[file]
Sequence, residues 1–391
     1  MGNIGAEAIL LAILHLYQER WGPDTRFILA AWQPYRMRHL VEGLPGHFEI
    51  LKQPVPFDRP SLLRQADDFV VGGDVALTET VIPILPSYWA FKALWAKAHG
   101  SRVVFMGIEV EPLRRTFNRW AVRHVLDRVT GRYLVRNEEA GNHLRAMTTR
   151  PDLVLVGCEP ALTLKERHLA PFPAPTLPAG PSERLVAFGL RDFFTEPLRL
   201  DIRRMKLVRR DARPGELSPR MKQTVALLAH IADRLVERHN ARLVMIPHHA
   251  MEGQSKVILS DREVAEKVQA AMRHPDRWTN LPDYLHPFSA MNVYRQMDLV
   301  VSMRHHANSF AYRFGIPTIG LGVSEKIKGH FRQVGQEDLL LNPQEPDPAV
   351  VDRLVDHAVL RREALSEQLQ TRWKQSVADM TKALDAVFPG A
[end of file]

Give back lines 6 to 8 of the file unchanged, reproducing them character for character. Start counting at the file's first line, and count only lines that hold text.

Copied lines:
   201  DIRRMKLVRR DARPGELSPR MKQTVALLAH IADRLVERHN ARLVMIPHHA
   251  MEGQSKVILS DREVAEKVQA AMRHPDRWTN LPDYLHPFSA MNVYRQMDLV
   301  VSMRHHANSF AYRFGIPTIG LGVSEKIKGH FRQVGQEDLL LNPQEPDPAV